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A Neutral Net for 2009

Net-Neutrality Backers See Gains in 111th

A push to enact “net neutrality” — policies that ensure equal access to the Web for Internet surfers — is losing steam as the 110th Congress winds down. But the possibility of a Democratic-controlled White House and strong Democratic margins in Congress in 2009 would likely reignite the debate in the 111th Congress.

While the issue has attracted some bipartisan support, it has not been enough to win enactment, given the current narrow Democratic majorities.

Rep. Ed Markey (D-Mass.), chairman of the House Energy and Commerce Subcommittee on Telecommunications and the Internet, is keeping up hope for his bill, the Internet Freedom Preservation Act (H.R. 5353), which would establish a national broadband policy to promote what it calls Internet freedom for consumers and content providers.

Proponents say they want to guard against broadband providers acting as gatekeepers of the Internet.

The bill outlines the notion that “consumers and content providers should be free to send, receive, access and use the lawful applications, content, and services of their choice on broadband networks, possess the effective right to attach and use non-harmful devices to use in conjunction with their broadband services, and that content providers not be subjected to new, discriminatory charges by broadband network providers.”

The prospects for enactment are difficult to ascertain at this point — not just because of the uncertainty about which president would sign the legislation, but also because that president would be charged with appointing commissioners to the Federal Communications Commission, the agency charged with prescribing any formal rules.

Still, the prospect of having a Democrat in the White House would increase the appetite for such legislation.

“You’d have an administration that would be eager to see rules in this area and a clear articulation of Internet freedoms for consumers and for entrepreneurs,” a Markey aide said. “It would be a complete 180 from where we are today … so that dramatically changes the environment.”

Markey added, “It’s inevitable that we’d have to restate the principles of nondiscrimination.”

Markey’s bill, which has the support of Rep. Chip Pickering (Miss.), his Republican colleague on the Subcommittee on Telecommunications and the Internet, would get things moving at the FCC.

The bill would task the FCC with conducting an assessment of broadband practices and consumer rights. It would also require the FCC to hold eight broadband summits around the nation and report back to Congress on its findings and any recommendations for further action.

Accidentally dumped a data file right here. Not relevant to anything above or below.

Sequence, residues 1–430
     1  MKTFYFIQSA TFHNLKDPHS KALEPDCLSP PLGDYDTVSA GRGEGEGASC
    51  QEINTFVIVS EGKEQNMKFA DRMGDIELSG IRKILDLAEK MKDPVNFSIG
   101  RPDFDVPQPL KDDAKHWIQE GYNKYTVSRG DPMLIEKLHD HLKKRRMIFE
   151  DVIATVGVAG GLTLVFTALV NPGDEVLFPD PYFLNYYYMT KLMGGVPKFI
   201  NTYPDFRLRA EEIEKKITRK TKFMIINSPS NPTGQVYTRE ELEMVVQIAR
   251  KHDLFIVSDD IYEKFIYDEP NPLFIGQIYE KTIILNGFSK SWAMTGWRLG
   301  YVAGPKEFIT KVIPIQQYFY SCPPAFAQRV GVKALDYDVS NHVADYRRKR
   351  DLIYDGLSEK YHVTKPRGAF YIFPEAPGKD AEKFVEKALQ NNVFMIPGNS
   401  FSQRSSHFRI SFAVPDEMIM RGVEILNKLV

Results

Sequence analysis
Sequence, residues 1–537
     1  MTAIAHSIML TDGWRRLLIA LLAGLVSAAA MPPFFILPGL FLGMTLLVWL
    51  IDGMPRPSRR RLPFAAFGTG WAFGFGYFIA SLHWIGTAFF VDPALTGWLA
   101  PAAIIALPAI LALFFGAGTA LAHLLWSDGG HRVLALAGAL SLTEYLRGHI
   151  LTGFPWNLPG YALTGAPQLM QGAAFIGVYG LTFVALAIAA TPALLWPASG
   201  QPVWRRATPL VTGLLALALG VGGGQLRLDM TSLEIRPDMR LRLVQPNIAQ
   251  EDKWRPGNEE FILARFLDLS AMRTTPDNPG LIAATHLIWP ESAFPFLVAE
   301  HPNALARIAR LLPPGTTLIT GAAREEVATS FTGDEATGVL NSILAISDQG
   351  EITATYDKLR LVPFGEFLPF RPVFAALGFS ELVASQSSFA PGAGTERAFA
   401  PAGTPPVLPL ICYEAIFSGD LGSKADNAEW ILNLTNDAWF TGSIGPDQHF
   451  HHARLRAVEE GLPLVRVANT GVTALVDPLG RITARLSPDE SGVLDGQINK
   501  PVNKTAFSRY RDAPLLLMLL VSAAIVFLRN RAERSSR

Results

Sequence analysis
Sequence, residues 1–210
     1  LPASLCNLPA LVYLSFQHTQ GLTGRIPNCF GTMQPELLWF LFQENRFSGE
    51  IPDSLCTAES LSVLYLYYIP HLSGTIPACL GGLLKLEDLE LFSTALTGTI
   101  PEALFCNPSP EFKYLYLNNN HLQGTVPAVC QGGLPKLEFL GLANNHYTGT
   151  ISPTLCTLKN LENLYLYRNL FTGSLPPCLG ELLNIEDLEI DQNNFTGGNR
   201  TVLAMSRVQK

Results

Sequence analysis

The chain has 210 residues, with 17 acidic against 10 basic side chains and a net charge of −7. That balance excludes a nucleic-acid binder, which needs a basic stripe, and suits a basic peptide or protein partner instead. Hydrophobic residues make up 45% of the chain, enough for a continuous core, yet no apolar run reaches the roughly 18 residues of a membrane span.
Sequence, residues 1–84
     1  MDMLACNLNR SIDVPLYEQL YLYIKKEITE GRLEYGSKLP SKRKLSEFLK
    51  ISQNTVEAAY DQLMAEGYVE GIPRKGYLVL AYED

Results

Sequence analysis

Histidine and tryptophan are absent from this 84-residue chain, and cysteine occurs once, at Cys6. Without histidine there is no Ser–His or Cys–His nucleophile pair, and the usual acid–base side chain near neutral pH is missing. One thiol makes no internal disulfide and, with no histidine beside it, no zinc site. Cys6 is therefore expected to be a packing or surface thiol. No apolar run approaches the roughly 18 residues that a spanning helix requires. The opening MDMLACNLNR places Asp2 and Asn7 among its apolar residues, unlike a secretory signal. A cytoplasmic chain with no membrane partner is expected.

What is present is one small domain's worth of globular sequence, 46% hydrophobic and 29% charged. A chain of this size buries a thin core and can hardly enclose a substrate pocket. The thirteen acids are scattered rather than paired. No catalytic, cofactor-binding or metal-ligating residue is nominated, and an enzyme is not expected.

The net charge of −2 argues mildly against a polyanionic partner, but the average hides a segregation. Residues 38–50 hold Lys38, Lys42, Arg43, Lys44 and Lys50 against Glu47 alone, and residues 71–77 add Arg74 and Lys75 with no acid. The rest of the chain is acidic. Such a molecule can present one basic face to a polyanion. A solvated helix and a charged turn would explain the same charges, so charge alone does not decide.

Meanwhile, Sens. Byron Dorgan (D-N.D.) and Olympia Snowe (R-Maine) are leading the push for net-neutrality efforts in the Senate. Together they introduced the Internet Freedom Preservation Act (S. 215), a companion bill to Markey’s.

House Judiciary Chairman John Conyers (D-Mich.) has introduced H.R. 5994, which takes a more punitive approach, authorizing possible injunctive relief and fines toward service providers if they do not follow guidelines.

The U.S. Telecom Association views Markey’s bill as premature, saying it could raise uncertainties that could chill investment in broadband deployment.

The National Cable & Telecommunications Association, a staunch opponent of legislating net-neutrality rules, isn’t letting up on efforts to resist setting openness rules they say would stifle network management.

“The real problem with these pieces of legislation is that no matter how carefully crafted, there are just a lot of unintended consequences,” Kyle McSlarrow, president and CEO of the National Cable & Telecommunications Association, said recently. “We should be very, very cautious.”

Markey’s counterpoint has been whether policymakers, in the name of network management, are permitting carriers to act in an unreasonable, anti-competitive fashion.

As the time left in the 110th Congress ticks away, all eyes are on the FCC to see what moves it may make to guard against anti-competitive and discriminatory practices by broadband Internet service providers.

In 2005, the FCC ruled that consumers are entitled to access lawful Internet content, run any applications and services and use legal devices.

But FCC Chairman Kevin Martin has also said that service providers should be allowed to take reasonable steps to make efficient use of their networks, although such management policies must be disclosed.

In April he told the Senate Commerce, Science and Transportation Committee the FCC should treat with “heightened scrutiny” any network-management techniques that appear to selectively target certain applications.

Public Knowledge, a consumer advocacy group for digital issues, supports the principles of an open Internet and wants to see the FCC take action against violators.

The group’s president, Gigi Sohn, said that while she is in favor of disclosure of network management principles, she wants to see adoption of a nondiscrimination policy first and foremost.

“If all we get out of the FCC is disclosure, then we’ve done nothing. It’s not going to be enough,” Sohn said. “What you don’t want is the public to have to play police and run to the FCC every time. …

Nondiscrimination needs to be the default so that [Internet service providers] know what the rules are.”

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